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First Look: Mathews NO CAM HTR

by Christian Berg   |  November 6th, 2014 4

mathews_htr_fMathews unveiled its 2015 bow lineup Wednesday, and the flagship NO CAM HTR was in my hands within hours.

In short, the NO CAM HTR is — hands down — the smoothest-drawing hunting bow I’ve ever shot, extremely stable on target and quiet upon release.

Here’s why:

No Cams?
The key to this bow’s performance is all-new NO CAM ST Technology, which uses two circular, concentric string tracks that allow the bowstring to travel at a constant distance from the center of rotation throughout the shot cycle. The first time you look at the NO CAM HTR, you will immediately notice the round wheels riding on the top and bottom axles, along with the two interior wheels for the cables.

In short, there are no traditional cams on this bow, which eliminates the “camming” action you feel when the bowstring transitions from rounded to flat areas. The end result is an extremely smooth draw with literally no discernible transitions; getting the string from brace height to full draw is nearly effortless.

The new Mathews HTR (left), TRG (second from left), Chill X Pro (second from right), and Z2 (right).
related

Introducing the New Mathews NO CAM HTR & TRG, Chill X Pro and Z2

The new Mathews NO CAM HTR (left), NO CAM TRG (second from left), Chill X Pro (second from right), and Z2 (right).Tis t...

Mathews says NO CAM ST Technology also produces straight, level nock travel for superior accuracy and is extremely efficient, which means that more energy is transferred to the arrow upon release, leaving less leftover energy to create bow noise and vibration.

Other Features
After the NO CAM ST Technology, the next thing you’ll notice on the NO CAM HTR is a long, lightly reflexed riser that creates the impression of a rig that is longer than the actual 32-inch axle-to-axle length. Mathews has stayed with its popular GeoGrid riser design here, with the addition of two larger cutouts adjacent to each limb pocket. The riser also has twin Harmonic Stabilizers built in to further combat noise and vibration.

The long riser allows Mathews to use short, rigid quad limbs that are only about a foot long. The limbs reach a position well beyond parallel at full draw, and the configuration of the system creates a very narrow front-to-back profile that makes this bow easy to maneuver.

Finally, the NO CAM HTR riser is home to Mathews’ Reverse Assist Roller Guard, which reduced cable friction during the draw and shot, Dead End String Stop to eliminate post-shot string oscillation and noise, and the Focus Grip for optimal hand placement and minimal torque.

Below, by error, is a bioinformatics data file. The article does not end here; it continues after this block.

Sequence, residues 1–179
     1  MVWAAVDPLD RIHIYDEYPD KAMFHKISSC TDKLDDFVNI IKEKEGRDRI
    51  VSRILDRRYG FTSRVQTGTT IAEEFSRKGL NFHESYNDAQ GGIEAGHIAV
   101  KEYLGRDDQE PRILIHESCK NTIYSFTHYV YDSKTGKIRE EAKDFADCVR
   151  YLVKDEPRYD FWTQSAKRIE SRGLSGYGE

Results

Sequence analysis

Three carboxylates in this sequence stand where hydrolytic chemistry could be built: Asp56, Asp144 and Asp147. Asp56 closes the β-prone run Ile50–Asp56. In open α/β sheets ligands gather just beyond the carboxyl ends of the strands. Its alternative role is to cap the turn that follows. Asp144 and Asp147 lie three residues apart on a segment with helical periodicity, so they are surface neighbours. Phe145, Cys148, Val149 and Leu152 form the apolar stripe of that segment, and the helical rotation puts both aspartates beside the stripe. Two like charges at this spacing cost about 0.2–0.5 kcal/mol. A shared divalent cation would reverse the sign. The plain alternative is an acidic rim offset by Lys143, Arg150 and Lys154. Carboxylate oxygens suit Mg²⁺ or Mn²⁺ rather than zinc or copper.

The NO CAM HTR weighs 4.3 pounds, has a 6 5/8-inch brace height and can accommodate draw lengths from 24-30 inches, in half-inch increments. It’s available in peak draw weights of 50, 60 or 70 pounds and has an adjustable system letoff of 65, 75 or 85 percent. The bow’s IBO speed ratings are 330 fps at 65 percent letoff, 325 fps at 75 percent letoff and 321 fps at 85 percent letoff.

Finish options include Lost Camo, Lost Camo OT, Black Anthem, Black Tactical and Stone Tactical. The NO CAM HTR has a base price of $1,099.

Range Impressions
As I mentioned at the outset, the most notable feature about the NO CAM HTR, from a shootability standpoint, is the super-smooth draw cycle. This is not the fastest hunting bow on the market, but you will not struggle to draw it — a feature that will be appreciated by archers with shoulder issues or anyone who prefers smoothness over speed.

After the smooth draw, I’d rank the rock-solid back wall on the NO CAM HTR as my second-favorite aspect. The string comes to a screeching halt at full draw thanks to the Mathews Rock Mods Draw Modules that also allow for letoff customization.

Once anchored at full draw, I find the NO CAM HTR very stable on target, a feature I believe is a result of the long riser and short limbs. I personally prefer a very narrow grip on my bows, so I find the Focus Grip quite comfortable. Upon release, I feel virtually no vibration and only a slight “bump” in my hand. Shot noise is minimal.

Simply by switching my existing sight, rest and stabilizer over from my Creed XS, I was able to set up the NO CAM HTR in about 30 minutes and was shooting two-inch groups at 20 yards in short order. Accuracy was similar at 30 and 40 yards, and because the speeds of the two bows are very similar, I was able to shoot at longer ranges without even adjusting the pin gaps on my sight.

There is no doubt the new NO CAM ST Technology will generate most of the attention for this bow, but it has plenty of other features that should make it a more than capable performer no matter your choice of bowhunting quarry.

Related posts:

  1. Introducing the Mathews NO CAM TRG
  2. Introducing the Mathews Monster Wake
  3. Introducing the New Mathews NO CAM HTR & TRG, Chill X Pro and Z2
  4. Mathews Z7
  5. Mathews Introduces Monster Chill X & SDX to Bow Lineup
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Related posts:

  1. Introducing the Mathews NO CAM TRG
  2. Introducing the Mathews Monster Wake
  3. Introducing the New Mathews NO CAM HTR & TRG, Chill X Pro and Z2
  4. Mathews Z7
  5. Mathews Introduces Monster Chill X & SDX to Bow Lineup
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